The president of the Human Rights Council, Austrian Ambassador Elisabeth Tichy-Fisslberger, wearing a protective face mask is…
The president of the Human Rights Council, Austrian Ambassador Elisabeth Tichy-Fisslberger, is seen on a TV screen during a press conference as part of the resuming of a UN Human Rights Council session, June 15, 2020, in Geneva.

GENEVA - Delegates attending the 43rd session of the U.N. Human Rights Council will hold an urgent debate Wednesday on alleged systemic racism and police brutality in the United States.

Tragic events unfolded May 25 in the U.S. city of Minneapolis after the death of  African American George Floyd while in police custody, triggering an urgent debate.  

This is only the fifth time in the U.N. Human Rights Council’s 14-year history such an event will take place. The request for the racism debate was made in a letter signed by more than 50 African nations to the president of the council, Austrian Ambassador Elisabeth Tichy-Fisslberger. 

Protesters demonstrate Saturday, June 13, 2020, near the White House in Washington, over the death of George Floyd, who died after being restrained by Minneapolis police officers.

The letter states the death of George Floyd is not an isolated incident noting other people of African descent have suffered the same fate due to what the letter says is unchecked police brutality in the U.S. 

The African countries are calling on the council to urgently address the systemic racism that produces such racial violence particularly against people of African descent throughout the world. 

Tichy-Fisslberger tells VOA discussions will not just focus on one country but will examine racism elsewhere. 

“When I said it is not against the United States, I mean there is complaints about a lot of racism in many countries of this world, of course, in Europe but not only. You find it all over the world. And, if you listen to what people have to say, I think they will just come up with statements on describing different situations in different countries,”  she said.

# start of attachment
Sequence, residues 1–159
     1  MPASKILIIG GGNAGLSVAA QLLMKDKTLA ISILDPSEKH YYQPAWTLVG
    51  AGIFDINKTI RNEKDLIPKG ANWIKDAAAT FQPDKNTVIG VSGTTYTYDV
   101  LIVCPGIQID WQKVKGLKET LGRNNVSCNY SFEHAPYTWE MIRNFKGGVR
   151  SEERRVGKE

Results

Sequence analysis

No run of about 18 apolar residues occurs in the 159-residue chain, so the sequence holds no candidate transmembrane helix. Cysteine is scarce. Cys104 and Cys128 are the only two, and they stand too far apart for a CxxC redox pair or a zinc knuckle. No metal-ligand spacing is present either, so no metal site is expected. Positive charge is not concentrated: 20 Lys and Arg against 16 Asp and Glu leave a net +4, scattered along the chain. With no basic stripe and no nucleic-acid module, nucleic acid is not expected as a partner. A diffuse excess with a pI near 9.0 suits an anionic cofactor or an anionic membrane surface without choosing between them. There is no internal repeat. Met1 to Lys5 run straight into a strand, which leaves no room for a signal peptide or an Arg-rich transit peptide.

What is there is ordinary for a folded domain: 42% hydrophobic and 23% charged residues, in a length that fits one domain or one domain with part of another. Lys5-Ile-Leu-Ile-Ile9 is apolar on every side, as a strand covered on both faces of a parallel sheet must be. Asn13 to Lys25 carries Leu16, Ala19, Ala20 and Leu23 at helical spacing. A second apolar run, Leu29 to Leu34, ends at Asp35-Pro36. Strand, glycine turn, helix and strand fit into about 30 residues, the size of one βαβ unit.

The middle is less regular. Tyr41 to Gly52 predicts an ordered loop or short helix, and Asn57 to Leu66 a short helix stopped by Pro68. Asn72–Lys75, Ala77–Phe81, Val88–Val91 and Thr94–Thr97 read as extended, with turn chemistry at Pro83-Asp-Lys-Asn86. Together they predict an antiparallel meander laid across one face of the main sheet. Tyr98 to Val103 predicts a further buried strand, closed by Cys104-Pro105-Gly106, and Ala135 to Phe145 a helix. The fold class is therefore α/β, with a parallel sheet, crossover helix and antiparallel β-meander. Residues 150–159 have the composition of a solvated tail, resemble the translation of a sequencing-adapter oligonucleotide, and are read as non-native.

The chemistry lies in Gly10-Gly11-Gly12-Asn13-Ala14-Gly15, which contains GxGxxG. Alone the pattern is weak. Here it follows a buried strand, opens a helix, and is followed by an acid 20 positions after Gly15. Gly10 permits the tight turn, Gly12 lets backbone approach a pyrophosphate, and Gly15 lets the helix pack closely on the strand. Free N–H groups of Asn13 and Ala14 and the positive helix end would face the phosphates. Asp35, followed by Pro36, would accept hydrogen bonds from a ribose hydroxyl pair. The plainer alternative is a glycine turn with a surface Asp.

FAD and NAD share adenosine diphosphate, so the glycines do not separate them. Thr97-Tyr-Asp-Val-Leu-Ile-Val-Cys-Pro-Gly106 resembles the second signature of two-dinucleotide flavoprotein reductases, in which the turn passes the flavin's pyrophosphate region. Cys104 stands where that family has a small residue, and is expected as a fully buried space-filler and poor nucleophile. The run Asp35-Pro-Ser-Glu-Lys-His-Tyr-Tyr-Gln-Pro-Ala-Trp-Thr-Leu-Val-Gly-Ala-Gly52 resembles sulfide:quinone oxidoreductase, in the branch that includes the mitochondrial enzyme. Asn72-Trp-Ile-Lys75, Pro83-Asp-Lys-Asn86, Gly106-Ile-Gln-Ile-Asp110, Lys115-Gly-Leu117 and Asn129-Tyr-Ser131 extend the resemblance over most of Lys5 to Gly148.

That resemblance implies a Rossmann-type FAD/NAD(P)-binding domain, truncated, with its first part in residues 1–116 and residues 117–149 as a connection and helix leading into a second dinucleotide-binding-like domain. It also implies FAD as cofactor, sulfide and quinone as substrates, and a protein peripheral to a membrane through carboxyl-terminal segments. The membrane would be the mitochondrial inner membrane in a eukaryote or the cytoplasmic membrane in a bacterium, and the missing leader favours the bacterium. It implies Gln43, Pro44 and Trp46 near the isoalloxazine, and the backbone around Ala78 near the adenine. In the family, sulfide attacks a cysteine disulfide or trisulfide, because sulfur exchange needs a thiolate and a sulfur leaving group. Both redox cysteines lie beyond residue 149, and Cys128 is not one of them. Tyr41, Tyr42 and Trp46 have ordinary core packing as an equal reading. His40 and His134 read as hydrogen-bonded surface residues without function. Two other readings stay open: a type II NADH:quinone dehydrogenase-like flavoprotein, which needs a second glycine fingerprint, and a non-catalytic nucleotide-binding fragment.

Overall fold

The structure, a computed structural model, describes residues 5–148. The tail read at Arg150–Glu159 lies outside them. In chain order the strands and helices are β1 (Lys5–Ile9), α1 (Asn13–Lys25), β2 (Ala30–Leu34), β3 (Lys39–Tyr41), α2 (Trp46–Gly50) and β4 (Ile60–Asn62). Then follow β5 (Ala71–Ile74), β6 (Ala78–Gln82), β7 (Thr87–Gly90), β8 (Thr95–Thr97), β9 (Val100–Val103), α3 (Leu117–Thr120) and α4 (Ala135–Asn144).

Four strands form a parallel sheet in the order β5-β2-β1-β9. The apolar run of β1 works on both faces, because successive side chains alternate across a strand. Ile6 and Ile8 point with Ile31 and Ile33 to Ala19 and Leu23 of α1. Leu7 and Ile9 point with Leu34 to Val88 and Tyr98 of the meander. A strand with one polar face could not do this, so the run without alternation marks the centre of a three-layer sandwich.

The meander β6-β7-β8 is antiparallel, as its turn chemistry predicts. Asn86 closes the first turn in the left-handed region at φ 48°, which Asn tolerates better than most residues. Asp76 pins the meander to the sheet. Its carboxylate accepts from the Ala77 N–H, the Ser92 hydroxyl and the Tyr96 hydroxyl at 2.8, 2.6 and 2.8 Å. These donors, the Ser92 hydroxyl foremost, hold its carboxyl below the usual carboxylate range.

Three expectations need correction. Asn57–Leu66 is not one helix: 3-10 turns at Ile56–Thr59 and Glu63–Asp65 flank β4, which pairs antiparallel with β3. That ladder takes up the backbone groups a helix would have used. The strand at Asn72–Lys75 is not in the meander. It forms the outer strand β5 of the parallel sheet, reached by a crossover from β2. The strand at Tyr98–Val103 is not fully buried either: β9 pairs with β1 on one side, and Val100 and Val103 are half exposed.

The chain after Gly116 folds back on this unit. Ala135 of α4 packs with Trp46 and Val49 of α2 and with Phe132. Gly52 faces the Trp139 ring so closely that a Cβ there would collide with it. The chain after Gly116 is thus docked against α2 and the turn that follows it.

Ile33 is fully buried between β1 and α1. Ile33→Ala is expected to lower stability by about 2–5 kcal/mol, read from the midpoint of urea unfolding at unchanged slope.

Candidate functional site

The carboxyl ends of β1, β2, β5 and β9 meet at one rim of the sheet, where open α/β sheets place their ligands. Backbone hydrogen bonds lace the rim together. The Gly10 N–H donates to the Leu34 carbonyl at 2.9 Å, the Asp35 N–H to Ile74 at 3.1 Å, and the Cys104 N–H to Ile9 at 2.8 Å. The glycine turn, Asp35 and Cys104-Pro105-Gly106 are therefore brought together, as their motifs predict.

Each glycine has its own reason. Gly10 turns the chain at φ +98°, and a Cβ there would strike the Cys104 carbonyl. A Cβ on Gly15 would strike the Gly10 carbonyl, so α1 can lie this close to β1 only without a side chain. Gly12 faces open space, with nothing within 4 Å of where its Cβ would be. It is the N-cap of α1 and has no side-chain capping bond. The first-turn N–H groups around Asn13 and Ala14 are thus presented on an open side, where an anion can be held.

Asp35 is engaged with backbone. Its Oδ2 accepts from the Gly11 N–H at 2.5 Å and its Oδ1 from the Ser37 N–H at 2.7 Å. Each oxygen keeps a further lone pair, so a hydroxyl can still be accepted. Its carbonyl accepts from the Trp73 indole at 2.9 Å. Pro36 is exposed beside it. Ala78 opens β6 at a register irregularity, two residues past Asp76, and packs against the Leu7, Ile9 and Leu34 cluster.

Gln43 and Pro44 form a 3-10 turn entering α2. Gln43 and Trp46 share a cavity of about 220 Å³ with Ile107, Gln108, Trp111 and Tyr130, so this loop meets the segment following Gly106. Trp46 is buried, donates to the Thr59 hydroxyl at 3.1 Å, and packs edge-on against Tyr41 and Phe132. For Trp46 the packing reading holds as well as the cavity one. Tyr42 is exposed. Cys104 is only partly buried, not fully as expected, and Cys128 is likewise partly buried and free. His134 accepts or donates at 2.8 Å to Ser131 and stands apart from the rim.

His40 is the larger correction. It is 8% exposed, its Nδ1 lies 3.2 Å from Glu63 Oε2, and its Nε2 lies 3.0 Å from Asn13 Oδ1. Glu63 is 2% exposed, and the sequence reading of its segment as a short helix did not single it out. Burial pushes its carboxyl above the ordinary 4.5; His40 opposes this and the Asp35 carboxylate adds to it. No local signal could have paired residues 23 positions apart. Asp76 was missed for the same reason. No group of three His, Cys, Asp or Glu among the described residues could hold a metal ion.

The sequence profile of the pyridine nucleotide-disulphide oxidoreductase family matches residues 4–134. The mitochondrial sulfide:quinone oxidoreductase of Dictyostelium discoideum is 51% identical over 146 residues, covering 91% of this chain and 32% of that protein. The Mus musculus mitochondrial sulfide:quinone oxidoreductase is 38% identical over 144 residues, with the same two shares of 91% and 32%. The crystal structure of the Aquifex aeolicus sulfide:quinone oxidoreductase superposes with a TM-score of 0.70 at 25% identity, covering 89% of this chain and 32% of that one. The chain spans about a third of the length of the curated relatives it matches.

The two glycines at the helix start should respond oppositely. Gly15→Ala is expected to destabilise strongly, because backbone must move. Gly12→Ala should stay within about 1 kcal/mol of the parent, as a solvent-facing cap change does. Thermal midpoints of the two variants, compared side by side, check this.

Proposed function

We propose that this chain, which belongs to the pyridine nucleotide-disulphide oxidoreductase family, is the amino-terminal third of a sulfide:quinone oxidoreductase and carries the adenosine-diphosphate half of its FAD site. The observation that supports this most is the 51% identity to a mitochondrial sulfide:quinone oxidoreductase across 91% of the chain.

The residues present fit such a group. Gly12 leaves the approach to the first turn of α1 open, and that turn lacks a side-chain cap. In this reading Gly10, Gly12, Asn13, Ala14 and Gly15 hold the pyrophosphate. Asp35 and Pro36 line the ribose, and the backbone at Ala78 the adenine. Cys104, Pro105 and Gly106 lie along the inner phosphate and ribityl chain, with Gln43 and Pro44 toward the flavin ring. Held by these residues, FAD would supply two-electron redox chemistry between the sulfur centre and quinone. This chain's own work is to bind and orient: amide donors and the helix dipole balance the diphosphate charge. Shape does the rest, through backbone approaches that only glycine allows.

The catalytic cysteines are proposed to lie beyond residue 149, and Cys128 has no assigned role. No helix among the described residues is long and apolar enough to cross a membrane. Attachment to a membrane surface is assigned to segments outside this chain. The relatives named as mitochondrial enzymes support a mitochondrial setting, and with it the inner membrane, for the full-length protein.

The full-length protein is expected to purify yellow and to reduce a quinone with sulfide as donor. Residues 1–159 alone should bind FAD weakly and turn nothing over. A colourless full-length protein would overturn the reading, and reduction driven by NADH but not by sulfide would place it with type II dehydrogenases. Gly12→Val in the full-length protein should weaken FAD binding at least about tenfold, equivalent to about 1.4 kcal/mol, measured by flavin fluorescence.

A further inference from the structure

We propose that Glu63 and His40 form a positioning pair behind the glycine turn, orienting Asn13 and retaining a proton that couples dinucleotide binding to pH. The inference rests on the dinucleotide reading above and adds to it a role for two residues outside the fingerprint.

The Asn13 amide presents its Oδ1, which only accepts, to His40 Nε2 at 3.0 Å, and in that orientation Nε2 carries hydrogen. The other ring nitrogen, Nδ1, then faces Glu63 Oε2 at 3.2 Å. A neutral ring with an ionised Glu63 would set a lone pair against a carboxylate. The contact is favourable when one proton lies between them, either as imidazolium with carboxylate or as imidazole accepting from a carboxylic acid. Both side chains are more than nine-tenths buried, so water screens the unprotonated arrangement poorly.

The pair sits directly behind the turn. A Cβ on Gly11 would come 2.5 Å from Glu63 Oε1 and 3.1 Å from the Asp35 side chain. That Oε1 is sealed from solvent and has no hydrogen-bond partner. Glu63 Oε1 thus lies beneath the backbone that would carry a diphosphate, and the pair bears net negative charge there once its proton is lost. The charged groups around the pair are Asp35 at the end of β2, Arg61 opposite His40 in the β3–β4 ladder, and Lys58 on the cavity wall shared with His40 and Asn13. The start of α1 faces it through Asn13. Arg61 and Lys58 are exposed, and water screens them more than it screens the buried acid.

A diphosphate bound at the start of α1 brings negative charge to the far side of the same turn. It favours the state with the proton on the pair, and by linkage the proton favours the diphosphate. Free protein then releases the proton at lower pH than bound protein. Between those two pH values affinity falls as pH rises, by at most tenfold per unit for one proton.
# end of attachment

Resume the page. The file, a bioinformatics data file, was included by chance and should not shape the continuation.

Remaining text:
Both delegates and non-governmental organizations will take part in the U.N. Human Rights Council debate. A resolution is likely to be adopted at the end of the event.  

FILE - Overview of the session of the Human Rights Council during the speech of U.N. High Commissioner for Human Rights Michelle Bachelet at the United Nations in Geneva, Switzerland, Feb. 27, 2020. Picture taken with a fisheye lens.

Tichy-Fisslberger says the United States, which is not a member of the council, normally does not attend council meetings. She says U.S. delegates most likely will follow the debate via webcast, which is in line with what it has been doing recently. 

The U.S. has not commented. However, the U.S. ambassador to the U.N. in Geneva, Andrew Bremberg, issued a statement last week expressing “horror, anger, and grief” at what he called George Floyd’s senseless death. He said the public reaction in the U.S. following this tragedy showed the American people’s desire to overcome racial injustice.